Law Enforcement Officer Jacket
A bunch of times over the years, Law Enforcement Officers have asked me if we have anything designed for LEO. The Anorak and All-Around Jacket serve pretty well, but I like the idea of making something specifically for LEO. We have not settled on specs yet ... this page will hopefully spur more people to please let me know what they'd like.
Please note: I have no experience in Law Enforcement. Also, having lived all my life in New Jersey and New York, where the politicians generally despise the 2nd Amendment, I have no personal experience with "carry". Therefore, the specifics of this garment have been suggested by LEO. HUGE THANKS to all who provide ideas!! -- Ralph
You can indicate interest in the LEO Jacket by backordering without obligation (price set to 0) from this page. I am guessing the price of an LEO Jacket would be anywhere from $600 to $900. Latest information about our production is here. Our entire inventory is here.
We've gotten several sets of ideas from LEO professionals. The guy who sort of got me "officially" (a little bit of a joke there) started with this effort is Keith Singleton (InstructorKeith@outlook.com, 740-971-4424), who, after a long career in LE and Public Safety, is now a supplier of equipment to LE organizations nationwide. The following ideas are Keith's:
- Use the ShirtJac - AS-IS
- Add the side zips from Al’s Anorak to allow ready access to a sidearm, whether positioned outside or inside the garment
Add a Badge-Holder over left pocket - usually a strip of material with a few holes sewn in.
- Optional - Loop side VELCRO® Brand fastener patch where badge would be for agencies that use a badge “patch” for outer garments instead of the actual metal shirt badge
- Add a Loop side VELCRO patches to each arm (so police patches could be added as needed).
- Add a Loop side VELCRO strip above the right pocket (for name tag) - This could be an OPTION (not all agencies use Velcro name tags - some use hardware).
- To simplify the jacket (only one model, without options) - ADD VELCRO in all areas mentioned with two holes for the badge VELCRO area (to use real badges). The VELCRO would also protect the wool fabric from wear.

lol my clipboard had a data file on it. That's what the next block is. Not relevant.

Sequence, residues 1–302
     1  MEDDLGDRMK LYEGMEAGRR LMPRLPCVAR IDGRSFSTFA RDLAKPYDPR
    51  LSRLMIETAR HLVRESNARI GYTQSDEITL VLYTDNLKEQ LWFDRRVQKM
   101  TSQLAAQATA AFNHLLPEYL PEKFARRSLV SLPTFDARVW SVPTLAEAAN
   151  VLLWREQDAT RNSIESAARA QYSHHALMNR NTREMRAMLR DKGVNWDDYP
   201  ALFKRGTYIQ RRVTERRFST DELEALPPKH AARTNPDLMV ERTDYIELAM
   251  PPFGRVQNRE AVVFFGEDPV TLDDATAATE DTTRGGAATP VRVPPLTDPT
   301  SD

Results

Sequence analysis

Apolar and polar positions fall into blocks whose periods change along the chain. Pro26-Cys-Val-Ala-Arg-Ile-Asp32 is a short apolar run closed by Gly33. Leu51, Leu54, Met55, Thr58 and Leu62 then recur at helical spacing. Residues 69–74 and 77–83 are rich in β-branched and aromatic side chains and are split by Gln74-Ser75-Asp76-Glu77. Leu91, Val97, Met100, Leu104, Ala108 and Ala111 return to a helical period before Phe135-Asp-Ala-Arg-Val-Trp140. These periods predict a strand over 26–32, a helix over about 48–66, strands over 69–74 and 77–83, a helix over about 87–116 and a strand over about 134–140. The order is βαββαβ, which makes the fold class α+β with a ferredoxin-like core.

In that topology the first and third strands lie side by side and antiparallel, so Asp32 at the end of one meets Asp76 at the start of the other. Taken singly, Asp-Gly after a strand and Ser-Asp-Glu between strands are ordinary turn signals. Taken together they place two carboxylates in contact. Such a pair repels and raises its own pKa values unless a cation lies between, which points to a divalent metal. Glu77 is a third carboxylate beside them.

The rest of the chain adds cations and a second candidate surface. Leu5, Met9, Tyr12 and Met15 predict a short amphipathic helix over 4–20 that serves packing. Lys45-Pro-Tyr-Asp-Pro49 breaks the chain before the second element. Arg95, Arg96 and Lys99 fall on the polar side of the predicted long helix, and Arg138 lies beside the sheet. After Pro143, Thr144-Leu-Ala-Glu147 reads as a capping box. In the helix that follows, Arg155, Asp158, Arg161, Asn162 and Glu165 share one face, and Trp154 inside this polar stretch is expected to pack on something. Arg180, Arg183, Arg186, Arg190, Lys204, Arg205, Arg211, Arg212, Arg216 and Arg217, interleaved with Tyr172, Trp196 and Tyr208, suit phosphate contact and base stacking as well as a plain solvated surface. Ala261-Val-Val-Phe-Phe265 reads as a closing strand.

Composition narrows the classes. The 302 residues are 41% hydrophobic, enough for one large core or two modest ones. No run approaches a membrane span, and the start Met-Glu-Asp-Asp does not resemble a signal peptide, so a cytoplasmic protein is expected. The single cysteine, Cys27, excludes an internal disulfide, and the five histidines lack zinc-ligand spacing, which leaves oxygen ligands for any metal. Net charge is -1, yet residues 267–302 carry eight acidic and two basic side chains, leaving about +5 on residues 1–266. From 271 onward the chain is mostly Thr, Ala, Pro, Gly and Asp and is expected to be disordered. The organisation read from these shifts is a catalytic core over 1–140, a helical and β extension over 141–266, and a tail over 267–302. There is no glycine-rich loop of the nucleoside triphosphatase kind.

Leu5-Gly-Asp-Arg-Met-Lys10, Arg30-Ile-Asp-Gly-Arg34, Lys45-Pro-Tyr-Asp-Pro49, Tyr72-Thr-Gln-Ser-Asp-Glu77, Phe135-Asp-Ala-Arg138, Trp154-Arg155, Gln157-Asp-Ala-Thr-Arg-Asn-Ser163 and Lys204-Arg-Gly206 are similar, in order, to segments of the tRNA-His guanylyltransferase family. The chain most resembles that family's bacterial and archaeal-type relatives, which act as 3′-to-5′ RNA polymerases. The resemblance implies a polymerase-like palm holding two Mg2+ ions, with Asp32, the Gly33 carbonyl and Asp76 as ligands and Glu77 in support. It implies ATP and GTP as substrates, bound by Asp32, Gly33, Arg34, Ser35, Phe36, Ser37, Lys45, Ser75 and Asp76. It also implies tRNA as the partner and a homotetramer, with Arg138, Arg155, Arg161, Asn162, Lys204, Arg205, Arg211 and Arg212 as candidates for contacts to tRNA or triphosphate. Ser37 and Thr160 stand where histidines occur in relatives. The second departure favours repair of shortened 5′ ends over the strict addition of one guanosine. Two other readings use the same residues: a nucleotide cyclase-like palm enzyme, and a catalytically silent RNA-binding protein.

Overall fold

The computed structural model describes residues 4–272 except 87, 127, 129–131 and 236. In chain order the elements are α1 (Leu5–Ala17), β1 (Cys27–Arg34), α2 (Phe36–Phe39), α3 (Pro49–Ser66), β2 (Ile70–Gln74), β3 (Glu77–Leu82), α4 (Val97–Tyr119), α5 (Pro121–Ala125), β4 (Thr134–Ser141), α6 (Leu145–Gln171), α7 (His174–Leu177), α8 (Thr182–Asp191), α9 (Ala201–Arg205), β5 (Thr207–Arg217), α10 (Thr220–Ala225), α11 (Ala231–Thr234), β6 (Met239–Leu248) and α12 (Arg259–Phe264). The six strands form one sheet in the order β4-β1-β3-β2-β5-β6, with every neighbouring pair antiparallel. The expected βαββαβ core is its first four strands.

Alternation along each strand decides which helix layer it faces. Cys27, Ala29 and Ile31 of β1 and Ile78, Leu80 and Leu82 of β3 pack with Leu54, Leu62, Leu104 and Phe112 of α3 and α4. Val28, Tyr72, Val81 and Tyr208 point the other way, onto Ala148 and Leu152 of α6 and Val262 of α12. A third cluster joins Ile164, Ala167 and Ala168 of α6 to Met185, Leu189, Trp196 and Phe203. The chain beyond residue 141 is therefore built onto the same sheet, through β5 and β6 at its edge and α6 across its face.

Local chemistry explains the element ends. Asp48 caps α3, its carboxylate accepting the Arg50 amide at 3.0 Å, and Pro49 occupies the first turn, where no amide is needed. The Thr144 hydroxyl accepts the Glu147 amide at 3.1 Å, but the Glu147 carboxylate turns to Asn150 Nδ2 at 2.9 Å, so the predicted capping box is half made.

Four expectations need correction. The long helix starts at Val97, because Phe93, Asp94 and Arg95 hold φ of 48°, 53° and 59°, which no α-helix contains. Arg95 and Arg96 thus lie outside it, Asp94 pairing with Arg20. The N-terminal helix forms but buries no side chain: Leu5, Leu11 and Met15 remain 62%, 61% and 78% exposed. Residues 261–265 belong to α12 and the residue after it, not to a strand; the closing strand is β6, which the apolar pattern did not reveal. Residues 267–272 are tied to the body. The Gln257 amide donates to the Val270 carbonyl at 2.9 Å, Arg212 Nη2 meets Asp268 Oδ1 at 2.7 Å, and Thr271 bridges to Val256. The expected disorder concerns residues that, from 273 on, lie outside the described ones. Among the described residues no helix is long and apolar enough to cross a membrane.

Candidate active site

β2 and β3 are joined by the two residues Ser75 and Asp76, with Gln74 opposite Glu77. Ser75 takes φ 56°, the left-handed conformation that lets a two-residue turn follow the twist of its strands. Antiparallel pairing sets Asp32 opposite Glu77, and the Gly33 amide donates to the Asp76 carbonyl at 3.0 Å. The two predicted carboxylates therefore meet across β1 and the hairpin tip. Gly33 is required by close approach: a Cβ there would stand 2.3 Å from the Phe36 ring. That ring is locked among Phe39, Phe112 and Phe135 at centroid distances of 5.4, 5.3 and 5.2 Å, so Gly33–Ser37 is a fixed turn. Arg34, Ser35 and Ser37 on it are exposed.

Here is a completely different take from another LEO:
Looking at your Women’s Bomber, I think you have a good profile for an LE coat. It needs to be short to not interfere with a duty belt. I don’t know about a hood, I like hooded jackets but can honestly say I never really seem to use one. I think a close fitting collar to keep wind out would be better. We normally wear hats, and a hood would just be in the way. Also be mindful of a body-worn camera to clip on in center of chest as most departments are now using them.
Here are thoughts from someone working covert security and LEO:
I do have some suggestions but it may not be consistent with other LE recommendations since my approach is mostly covert.
So, for example, the use of Velcro is usually a necessity for Identifying Friend or Foe (IFF) for anything law enforcement but for our line of work Velcro on the shoulders or chest screams military or law enforcement. When we need to be overt, we do that with other internal procedures. So, other than no Velcro, I would probably suggest this:
- ShirtJac but with a larger collar much like the All Around Jacket. This would not only be for warmth when needed but also to help prevent hot brass from hitting the back of the neck from your buddy shooting close to you.
- Side zips like the Anorak for firearm accessibility.
- On the right breast pocket (left edge), have a vertical zipper for an accessory pocket to access either Shield or pistol magazine. Inside this pocket have a diagonal elastic loop holder to hold the pistol mag.
- On the left arm, diagonal zipper pocket that goes inside the sleeve.
Another set of thoughts from an officer in Federal Drug Enforcement:
- Police officers love pockets for gear ... there has to be ample storage as feasible ... front side-zip pockets are a favorite. Inside pockets as well. Outside pockets deep enough to store small flashlights and collapsible batons.
- The option for “double pockets” outside is nice ... zippered pockets to store gear with an outer pocket to slip hands inside to keep warm with no zipper.
- I saw some discussion on the hood. LEO Jackets that have worked best in the past (IMHO) have always had beefy collars to provide protection from the elements yet they maintained the option of a zippered and detachable hood. I hate to see the hood option merely disappear because many LEOs like using them. A detachable hood option provides the best of both. I guess the hood could also be a potential “add-on” accessory if the purchaser didn’t want one initially.
- The jackets need deep armpit gussets for mobility. LEO’s are fearful of restricted mobility with outerwear when it comes to use-of-force encounters.
- Maybe even a few vent holes for additional breathability (?)
- Must have side-zips for weapon access.
- Many LEOs need (or desire) access to radio hand mics on the outside of the coat. Some newer jackets have the ability to clip the hand-mic to a sewn-in loop or epaulet on the outside of the jacket ... and there is a small flapped access hole to feed the mic cord through for when it mounts to the actual police radio on the belt. Just an idea.
WeatherWool is at present being worn on Active Duty by people the Diplomatic Security Service, Office of Secure Transport, US Marshall Service, Air Force Explosive Ordnance Security Detail and others. I will be checking with all of these people for more ideas.
If you have any interest, please let us know. Like always, ideas are very welcome ... doubly so for any Pipeline Product --- Thanks --- Ralph
4 May 2020